American Psycho

Page 71

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Girls

Tonight an infuriating dinner at Raw Space with a vaguely ditzed-out Courtney who keeps asking me questions about spa menus and George Bush and Tofutti that belong only in someone's nightmare. I utterly ignore her, to no avail, and while she's in midsentence - Page Six, Jackie O - I resort to waving our waiter over and ordering the cold corn chowder lemon bisque with peanuts and dill, an arugula Caesar salad and swordfish meat loaf with kiwi mustard, even though I already ordered this and he tells me so. I look up at him, not even trying to feign surprise, and smile grimly. "Yes, I did, didn't I?" The Floridian cuisine looks impressive but the portions are small and costly, especially in a place with a dish of crayons on each table. (Courtney draws a Laura Ashley print on her paper place mat and I draw the insides of Monica Lustgarden's stomach and chest on mine and when Courtney, charmed by what I'm drawing, inquires as to what it is, I tell her, "Uh, a... watermelon"). The bill, which I pay for with my platinum American Express card, comes to over three hundred dollars. Courtney looks okay in a Donna Karan wool jacket, silk blouse and cashmere wool skirt. I'm wearing a tuxedo for no apparent reason. The Patty Winters Show this morning was about a new sport called Dwarf Tossing.

In the limousine, dropping her off at Nell's, where we're supposed to have drinks with Meredith Taylor, Louise Samuelson and Pierce Towers, I tell Courtney that I need to score some drugs and I promise that I'll be back before midnight. "Oh, and tell Nell I say hi," I add casually.

"Just buy some downstairs if you have to, for god's sake," she whines.

"But I promised someone I'd stop by their place. Paranoia Understand?" I whine back.

"Who's paranoid?" she asks, eyes squinting. "I don't get it."

"Honey, the drugs downstairs are usually a notch below NutraSweet in terms of potency," I tell her. "You know."

"Don't implicate me, Patrick," she warns.

"Just go inside and order me a Foster's, okay?"


"Where are you really going?" she asks after a beat, now suspicious.

"I'm going to... Noj's," I say. "I'm buying coke from Noj."

"But Noj is the chef at Deck Chairs," she says, as I'm pushing her out of the limousine. "Noj isn't a drug dealer. He's a chef!"

"Don't have a hissy fit, Courtney," I sigh, my hands on her back.

"But don't lie to me about Noj," she whines, struggling to stay in the car. "Noj is the chef at Deck Chairs. Did you hear me?"

I stare at her, dumbfounded, caught in the harsh lights hung above the ropes outside Nell's.

"I mean Fiddler," I finally admit, meekly. "I'm going to Fiddler's to score."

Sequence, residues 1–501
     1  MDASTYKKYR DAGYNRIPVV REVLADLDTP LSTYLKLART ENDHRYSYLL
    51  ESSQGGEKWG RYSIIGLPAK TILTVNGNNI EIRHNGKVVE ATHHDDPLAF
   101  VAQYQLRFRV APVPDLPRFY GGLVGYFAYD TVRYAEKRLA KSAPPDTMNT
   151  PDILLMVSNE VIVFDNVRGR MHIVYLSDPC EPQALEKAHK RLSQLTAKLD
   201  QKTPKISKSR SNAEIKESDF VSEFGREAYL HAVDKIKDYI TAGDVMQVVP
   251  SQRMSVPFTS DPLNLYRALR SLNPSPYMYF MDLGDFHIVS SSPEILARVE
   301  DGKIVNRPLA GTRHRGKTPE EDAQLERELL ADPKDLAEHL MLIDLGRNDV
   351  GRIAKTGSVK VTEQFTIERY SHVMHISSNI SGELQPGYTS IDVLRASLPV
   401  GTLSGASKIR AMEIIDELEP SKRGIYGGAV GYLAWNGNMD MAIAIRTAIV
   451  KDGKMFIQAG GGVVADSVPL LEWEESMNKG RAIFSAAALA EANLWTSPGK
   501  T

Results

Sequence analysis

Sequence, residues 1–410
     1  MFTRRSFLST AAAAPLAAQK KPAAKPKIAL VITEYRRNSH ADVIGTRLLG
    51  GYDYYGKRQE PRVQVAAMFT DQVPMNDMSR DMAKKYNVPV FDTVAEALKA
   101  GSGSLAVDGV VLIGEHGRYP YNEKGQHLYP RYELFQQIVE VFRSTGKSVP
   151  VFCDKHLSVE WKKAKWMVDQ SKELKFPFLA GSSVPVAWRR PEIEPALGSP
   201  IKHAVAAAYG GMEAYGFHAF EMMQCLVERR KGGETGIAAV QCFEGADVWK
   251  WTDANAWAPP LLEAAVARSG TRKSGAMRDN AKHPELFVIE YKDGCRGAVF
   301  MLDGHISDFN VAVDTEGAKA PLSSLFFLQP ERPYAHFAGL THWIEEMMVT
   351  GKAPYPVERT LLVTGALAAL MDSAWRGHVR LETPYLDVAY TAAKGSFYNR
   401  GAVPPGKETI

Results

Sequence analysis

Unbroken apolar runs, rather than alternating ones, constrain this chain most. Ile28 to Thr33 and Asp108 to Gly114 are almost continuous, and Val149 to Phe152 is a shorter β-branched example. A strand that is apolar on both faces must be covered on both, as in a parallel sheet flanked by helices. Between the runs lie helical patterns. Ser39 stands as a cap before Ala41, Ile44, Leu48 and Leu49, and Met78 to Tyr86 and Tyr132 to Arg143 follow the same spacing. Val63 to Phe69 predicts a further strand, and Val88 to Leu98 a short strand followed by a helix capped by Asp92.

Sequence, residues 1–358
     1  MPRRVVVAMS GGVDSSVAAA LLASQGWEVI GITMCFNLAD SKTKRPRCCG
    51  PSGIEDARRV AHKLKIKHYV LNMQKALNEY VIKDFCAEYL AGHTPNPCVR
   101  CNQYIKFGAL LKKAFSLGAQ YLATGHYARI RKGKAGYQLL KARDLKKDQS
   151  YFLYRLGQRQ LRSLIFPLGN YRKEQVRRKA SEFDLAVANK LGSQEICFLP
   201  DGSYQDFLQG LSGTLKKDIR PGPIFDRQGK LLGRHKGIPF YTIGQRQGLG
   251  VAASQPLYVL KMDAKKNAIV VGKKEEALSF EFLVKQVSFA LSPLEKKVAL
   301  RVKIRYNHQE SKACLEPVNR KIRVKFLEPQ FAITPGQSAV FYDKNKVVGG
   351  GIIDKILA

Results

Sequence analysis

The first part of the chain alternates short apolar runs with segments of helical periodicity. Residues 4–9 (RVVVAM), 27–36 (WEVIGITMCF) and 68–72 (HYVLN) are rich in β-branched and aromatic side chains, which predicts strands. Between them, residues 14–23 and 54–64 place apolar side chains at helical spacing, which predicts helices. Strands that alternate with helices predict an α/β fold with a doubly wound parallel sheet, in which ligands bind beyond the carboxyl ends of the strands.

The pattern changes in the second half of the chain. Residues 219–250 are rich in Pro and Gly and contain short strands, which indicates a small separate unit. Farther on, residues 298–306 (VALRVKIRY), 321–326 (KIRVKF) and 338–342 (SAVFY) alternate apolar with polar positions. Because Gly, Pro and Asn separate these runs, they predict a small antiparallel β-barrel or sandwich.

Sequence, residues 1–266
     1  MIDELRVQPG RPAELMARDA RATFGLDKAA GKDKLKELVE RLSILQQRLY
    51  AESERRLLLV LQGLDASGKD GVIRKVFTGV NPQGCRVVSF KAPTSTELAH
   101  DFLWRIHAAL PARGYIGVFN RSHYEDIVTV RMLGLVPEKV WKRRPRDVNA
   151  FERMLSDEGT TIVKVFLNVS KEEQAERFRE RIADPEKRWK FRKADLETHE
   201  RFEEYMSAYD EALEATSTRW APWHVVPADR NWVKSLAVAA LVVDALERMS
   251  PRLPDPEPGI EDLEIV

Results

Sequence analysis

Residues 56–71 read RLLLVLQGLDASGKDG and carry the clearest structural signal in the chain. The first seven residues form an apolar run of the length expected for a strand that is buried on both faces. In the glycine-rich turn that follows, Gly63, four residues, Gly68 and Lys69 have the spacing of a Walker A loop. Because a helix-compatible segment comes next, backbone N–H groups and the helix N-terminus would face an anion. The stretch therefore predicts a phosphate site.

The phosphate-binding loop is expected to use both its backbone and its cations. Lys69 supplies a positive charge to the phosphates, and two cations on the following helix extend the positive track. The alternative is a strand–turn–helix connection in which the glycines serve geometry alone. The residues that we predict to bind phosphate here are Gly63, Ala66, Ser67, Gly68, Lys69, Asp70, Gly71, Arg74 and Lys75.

"You're impossible," she mutters, walking away from the limo. "There is something seriously wrong with you."

"I'll be back," I call out after her, slamming the limo's door shut, then I cackle gleefully to myself while relighting a cigar, "Don't you bet on it."

I tell the chauffeur to head over to the meat-packing district just west of Nell's, near the bistro Florent, to look for prostitutes and after heavily scanning the area twice - actually, I've spent months prowling this section of town for the appropriate babe - I find her on the corner of Washington and Thirteenth. She's blond and slim and young, trashy but not an escort bimbo, and most important, she's white, which is a rarity in these parts. She's wearing tight cutoff shorts, a white T-shirt and a cheap leather jacket, and except for a bruise over her left knee her skin is pale all over, including the face, though her thickly lipsticked mouth is done up in pink. Behind her, in four-foot-tall red block letters painted on the side of an abandoned brick warehouse, is the word M E A T and the way the letters are spaced awakens something in me and above the building like a backdrop is a moonless sky, which earlier, in the afternoon, was hung with clouds but tonight isn't.

The limousine cruises up alongside the girl. Through its tinted windows, closer up, she's paler, the blond hair now seems bleached and her facial features indicate someone even younger than I first imagined, and because she's the only white girl I've seen tonight in this section of town, she seems - whether she is or not - especially clean; you could easily mistake her for one of the NYU girls walking home from Mars, a girl who has been drinking Seabreezes all night while moving across a dance floor to the new Madonna songs, a girl who perhaps afterwards had a fight with her boyfriend, someone named Angus or Nick or... Pokey, a girl on her way to Florent to gossip with friends, to order another Seabreeze perhaps or maybe a cappuccino or a glass of Evian water - and unlike most of the whores around here, she barely registers the limousine as it pulls up next to her and stops, idling. Instead she lingers casually, pretending to be unaware of what the limousine actually signifies.

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